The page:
In the current study, we controlled for contamination of dug-wells due to surface run-off by selecting only protected wells for investigation. Thus, in the absence of any other uncontrolled factors (such as poor hygiene practices by dug-well users), at less than 38.5m, there is a significant possibility that dug-well water is contaminated by nearby latrines through underground seepage in the Langas. Conversely, at distances greater than 38.5m, dug-well contamination by faecal coliforms through latrine seepage is not expected. It should therefore be assumed that this is the minimum safest distance between dug-wells and pit latrines in Langas.
This study has also established that the mean distance from pit latrines to dug-wells in the Langas area was 19.664m, which is quite low compared to the WHO- recommended standard of at least 30m [6] and our detected safest distance of approximately 38 metres.
Out of the fifty (50) water samples taken, 98% were found to have faecal coliforms ranging from 3FC/100ml to 1100+FC/100ml. Only 2% of samples had no faecal coliforms. These findings were similar to the earlier findings by Kimani and Ngindu [7] which discovered that 3% of samples had no faecal contamination whereas 97% had. Kimani and Ngindu [7] had also found out that 89% of the area residents in Langas rely on dug wells as their major source of domestic water and compared to the WHO recommended bacteriological standards of drinking water quality (i.e. a maximum of 1FC/100ml), our findings in Langas are worrisome.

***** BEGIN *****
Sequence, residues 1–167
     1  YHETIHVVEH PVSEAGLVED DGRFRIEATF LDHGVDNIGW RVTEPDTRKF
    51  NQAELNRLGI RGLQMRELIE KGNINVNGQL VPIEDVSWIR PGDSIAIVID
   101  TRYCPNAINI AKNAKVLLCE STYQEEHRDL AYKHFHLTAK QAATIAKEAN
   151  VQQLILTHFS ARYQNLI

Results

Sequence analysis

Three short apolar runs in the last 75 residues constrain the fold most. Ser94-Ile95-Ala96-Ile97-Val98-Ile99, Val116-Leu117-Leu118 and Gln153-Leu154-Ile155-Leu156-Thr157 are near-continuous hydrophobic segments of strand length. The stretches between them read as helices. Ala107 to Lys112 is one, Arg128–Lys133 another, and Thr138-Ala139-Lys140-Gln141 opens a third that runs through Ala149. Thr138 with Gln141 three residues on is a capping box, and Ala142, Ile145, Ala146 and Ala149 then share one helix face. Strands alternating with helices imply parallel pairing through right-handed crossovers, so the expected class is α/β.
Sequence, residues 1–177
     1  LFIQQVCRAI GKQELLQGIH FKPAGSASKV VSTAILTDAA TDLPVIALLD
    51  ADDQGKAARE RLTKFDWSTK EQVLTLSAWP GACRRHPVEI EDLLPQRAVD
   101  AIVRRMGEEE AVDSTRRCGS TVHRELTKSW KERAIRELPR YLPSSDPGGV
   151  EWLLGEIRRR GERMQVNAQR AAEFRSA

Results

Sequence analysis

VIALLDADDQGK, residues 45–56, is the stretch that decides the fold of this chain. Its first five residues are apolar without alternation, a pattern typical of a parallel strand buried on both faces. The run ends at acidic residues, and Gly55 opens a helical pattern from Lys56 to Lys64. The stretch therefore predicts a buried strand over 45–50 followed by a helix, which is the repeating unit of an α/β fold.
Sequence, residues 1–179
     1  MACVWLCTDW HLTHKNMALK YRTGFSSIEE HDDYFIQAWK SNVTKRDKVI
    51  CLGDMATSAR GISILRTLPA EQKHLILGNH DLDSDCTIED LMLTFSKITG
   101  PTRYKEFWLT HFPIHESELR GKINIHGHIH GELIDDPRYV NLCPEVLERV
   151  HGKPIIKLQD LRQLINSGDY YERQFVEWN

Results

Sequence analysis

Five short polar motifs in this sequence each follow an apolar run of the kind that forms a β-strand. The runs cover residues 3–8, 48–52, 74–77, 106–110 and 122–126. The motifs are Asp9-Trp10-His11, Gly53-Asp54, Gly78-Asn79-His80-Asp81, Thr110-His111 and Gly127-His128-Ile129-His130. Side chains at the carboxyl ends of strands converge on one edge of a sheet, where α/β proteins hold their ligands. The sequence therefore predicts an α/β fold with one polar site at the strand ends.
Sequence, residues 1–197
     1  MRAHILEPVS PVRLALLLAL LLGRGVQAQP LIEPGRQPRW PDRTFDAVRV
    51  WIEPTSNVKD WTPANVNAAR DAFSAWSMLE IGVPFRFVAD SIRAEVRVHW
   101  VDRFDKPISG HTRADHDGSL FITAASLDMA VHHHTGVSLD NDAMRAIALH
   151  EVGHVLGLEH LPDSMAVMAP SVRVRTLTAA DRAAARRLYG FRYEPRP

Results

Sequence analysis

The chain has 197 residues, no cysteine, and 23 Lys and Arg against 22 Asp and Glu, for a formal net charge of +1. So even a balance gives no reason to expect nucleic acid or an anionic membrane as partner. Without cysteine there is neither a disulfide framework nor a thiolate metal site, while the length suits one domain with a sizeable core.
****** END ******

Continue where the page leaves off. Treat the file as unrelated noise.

Our study showed that most dug-wells were very close to pit latrines. In a 1989 study by German Environmental Consultants in Langas, 54.1% of the wells were found to be less than 20m away from the pit latrines [2]. In yet another study at the same area, 38% of latrines were estimated to be situated less than less than 15 and most dug-wells (about 59%) were estimated to be at a distance between 15m and 30m from the pit latrines [7]. These previous results were in agreement with the findings our present study, which found out that 56% of dug-wells were placed at a distance range of less than 20 metres to pit latrines.

4.2. Recommended Guidelines and Legal Framework for the Prevention of Underground Water Pollution

According to the WHO guidelines, obvious causes of contamination should be removed from the catchment area, and special attention given to the safe disposal of human excrement. Dug-wells should be protected by lining and covering, diverting surface drainage, preventing erosion and paving the surrounding area. Fencing should restrict human and animal access and the source should be so designed that fouling does not occur when water is drawn [8].